Department of Chemical Engineering
Massachusetts Institute of Technology
Cambridge, MA 02139-4307 USA
Telephone (617) 253-6490
Graduate Research Assistant
B.T., Chemical Engineering,
Indian Institute of Technology, New Delhi, 2003
Hydrodynamic theory for osmotic reflection coefficients
My research investigates the osmotic flow of macromolecules in porous
membranes. The research is based on the modifications to the point-wise
momentum conservation equations necessitated by the presence of finite
sized molecules. In particular, my work will extend the model of the
Anderson and Malone (1974), wherein a mechanistic model for osmotic
flow of macromolecules in porous media is developed from classical transport
and thermodynamic considerations.
The significance of the pore is in the confinement of the fluid phase.
The presence of the pore wall then acts as a steric hindrance to the
solute molecule due to its finite size. The centroid of such a macromolecule
cannot be closer than a radius from the solute wall due to these steric
limitations. This limit can be thought of as a solute exclusion effect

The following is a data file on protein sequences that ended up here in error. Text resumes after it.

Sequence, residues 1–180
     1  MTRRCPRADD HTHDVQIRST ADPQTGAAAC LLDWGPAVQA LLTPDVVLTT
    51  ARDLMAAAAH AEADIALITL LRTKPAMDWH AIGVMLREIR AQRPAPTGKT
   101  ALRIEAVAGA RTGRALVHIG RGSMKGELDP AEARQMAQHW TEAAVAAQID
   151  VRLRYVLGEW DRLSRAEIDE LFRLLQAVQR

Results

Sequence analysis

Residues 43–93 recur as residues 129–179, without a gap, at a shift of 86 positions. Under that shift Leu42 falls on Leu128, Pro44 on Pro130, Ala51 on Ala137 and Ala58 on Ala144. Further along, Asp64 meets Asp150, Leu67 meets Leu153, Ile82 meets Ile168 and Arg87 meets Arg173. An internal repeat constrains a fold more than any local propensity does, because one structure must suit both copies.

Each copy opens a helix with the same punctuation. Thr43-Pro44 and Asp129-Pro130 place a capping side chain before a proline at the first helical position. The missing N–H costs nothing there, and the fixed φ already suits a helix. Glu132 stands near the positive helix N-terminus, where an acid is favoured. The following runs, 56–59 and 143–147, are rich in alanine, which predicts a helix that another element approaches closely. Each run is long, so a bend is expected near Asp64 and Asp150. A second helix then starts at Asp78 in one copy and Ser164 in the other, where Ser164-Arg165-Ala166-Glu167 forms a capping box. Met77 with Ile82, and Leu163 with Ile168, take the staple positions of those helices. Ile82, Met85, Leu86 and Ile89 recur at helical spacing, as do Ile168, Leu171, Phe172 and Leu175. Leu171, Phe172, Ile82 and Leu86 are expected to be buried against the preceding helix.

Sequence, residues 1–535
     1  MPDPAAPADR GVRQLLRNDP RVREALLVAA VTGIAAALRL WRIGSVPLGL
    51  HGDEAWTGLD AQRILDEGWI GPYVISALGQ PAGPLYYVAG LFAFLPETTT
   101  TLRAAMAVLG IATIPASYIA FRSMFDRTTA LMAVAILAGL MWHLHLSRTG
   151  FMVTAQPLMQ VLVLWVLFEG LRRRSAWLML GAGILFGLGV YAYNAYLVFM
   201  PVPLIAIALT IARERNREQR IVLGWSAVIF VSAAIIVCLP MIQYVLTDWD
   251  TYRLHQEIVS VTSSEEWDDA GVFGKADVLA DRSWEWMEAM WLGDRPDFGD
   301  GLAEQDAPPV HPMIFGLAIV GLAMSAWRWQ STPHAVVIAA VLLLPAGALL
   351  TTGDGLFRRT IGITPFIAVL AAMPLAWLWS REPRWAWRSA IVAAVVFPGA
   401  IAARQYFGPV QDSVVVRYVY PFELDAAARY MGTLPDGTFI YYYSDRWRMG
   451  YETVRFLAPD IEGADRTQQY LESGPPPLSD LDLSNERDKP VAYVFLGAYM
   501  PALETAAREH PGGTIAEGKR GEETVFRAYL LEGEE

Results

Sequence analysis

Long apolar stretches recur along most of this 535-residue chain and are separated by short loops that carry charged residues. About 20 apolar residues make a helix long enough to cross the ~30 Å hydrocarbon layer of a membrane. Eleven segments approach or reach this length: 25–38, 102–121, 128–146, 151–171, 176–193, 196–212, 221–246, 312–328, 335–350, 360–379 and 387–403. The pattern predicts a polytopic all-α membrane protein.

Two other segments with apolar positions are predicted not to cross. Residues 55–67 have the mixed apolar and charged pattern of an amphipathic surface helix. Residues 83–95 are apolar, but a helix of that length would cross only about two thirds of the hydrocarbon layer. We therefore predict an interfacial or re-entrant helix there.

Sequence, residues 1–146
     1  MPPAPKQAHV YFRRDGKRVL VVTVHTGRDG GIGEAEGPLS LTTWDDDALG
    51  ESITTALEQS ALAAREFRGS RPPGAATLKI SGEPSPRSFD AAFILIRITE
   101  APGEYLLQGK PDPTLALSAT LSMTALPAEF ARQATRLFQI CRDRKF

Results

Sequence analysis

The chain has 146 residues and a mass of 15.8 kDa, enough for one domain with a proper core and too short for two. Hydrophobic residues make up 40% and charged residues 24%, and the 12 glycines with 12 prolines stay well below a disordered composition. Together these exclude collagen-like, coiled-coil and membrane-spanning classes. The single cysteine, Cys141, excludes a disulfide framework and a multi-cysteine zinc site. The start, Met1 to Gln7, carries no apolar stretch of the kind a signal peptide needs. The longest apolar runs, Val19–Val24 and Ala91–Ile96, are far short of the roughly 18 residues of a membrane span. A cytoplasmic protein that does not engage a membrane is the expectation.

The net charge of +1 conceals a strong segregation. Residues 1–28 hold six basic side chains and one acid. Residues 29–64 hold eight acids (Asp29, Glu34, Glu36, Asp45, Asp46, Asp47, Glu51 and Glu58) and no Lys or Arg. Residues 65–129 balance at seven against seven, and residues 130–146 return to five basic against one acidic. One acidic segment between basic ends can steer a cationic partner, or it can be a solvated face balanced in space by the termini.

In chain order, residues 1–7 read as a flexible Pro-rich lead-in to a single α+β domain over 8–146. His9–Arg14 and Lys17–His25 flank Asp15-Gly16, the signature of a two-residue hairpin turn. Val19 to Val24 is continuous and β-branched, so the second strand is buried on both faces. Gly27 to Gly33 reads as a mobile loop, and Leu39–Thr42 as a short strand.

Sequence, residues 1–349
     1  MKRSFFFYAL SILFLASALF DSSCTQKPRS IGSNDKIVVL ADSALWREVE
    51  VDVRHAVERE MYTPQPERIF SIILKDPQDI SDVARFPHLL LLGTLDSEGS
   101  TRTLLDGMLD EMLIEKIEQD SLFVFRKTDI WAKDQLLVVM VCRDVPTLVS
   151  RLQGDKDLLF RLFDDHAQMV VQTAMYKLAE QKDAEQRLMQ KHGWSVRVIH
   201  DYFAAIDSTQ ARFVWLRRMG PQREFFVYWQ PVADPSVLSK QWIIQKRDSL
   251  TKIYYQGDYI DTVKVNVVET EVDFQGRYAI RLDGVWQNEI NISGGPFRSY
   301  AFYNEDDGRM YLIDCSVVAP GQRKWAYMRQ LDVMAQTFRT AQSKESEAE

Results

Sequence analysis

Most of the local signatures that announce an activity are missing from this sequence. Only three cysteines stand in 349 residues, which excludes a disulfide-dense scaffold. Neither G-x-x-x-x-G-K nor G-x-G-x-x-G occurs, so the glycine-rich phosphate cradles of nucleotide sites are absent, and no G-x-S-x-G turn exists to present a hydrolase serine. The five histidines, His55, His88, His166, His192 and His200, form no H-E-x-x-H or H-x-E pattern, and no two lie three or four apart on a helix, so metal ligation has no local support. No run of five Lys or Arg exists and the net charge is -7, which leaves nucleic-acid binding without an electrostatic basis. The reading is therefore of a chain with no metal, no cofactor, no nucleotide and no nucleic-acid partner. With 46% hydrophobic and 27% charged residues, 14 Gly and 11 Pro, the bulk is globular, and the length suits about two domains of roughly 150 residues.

or the development of a solute-wall potential field. The assumption
of osmotic equilibrium of the solvent then leads to the development
of a radial pressure gradient that must balance the potential force
acting on the solute. This pressure gradient in turn has an axial component
due to the dependence on the concentration which in turn drives the
flow. My approach is novel and has interesting applications in more
complicated geometries such as fibrous membrane and gels. Such extensions
are the main objective of my work.
A fundamental question that needs to be addressed early on is the issue
of the solute-solvent force interaction. The previous work assumes that
this interaction occurs at a point, an obvious choice for this point
being the center of mass of the solute molecule. However, strictly speaking
this force interaction occurs on a surface instead and therefore a "smeared"
solute-solvent force transmission would be a better approximation to
the true picture. Specifically my plan will address the following:
1 A better description of the solute-solvent force transmission;
2 Prediction of the osmotic reflection coefficient for capillary pores
with hard-particle-hard-wall interactions and the effect of the solute
size and shape;
3 The osmotic reflection coefficient for capillary pores with charge
4 Prediction of the osmotic reflection coefficient for fibrous membranes
and gels with parallel fibers with and without charge effects;
5 Experimental test of the model predictions.
On my own I like to follow international cricket matches, especially the
India versus Pakistan matches.
And I follow the stock markets, doing a little bit of day trading on my own,
with my almost hypothetical amount of money.